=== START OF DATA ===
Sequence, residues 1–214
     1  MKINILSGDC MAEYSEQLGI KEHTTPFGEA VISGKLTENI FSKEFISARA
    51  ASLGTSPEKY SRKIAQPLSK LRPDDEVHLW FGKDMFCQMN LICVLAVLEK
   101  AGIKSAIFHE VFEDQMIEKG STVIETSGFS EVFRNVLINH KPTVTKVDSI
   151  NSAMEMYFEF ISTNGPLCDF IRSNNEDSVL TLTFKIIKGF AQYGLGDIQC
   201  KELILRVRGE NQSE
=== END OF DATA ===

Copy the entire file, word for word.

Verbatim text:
Sequence, residues 1–214
     1  MKINILSGDC MAEYSEQLGI KEHTTPFGEA VISGKLTENI FSKEFISARA
    51  ASLGTSPEKY SRKIAQPLSK LRPDDEVHLW FGKDMFCQMN LICVLAVLEK
   101  AGIKSAIFHE VFEDQMIEKG STVIETSGFS EVFRNVLINH KPTVTKVDSI
   151  NSAMEMYFEF ISTNGPLCDF IRSNNEDSVL TLTFKIIKGF AQYGLGDIQC
   201  KELILRVRGE NQSE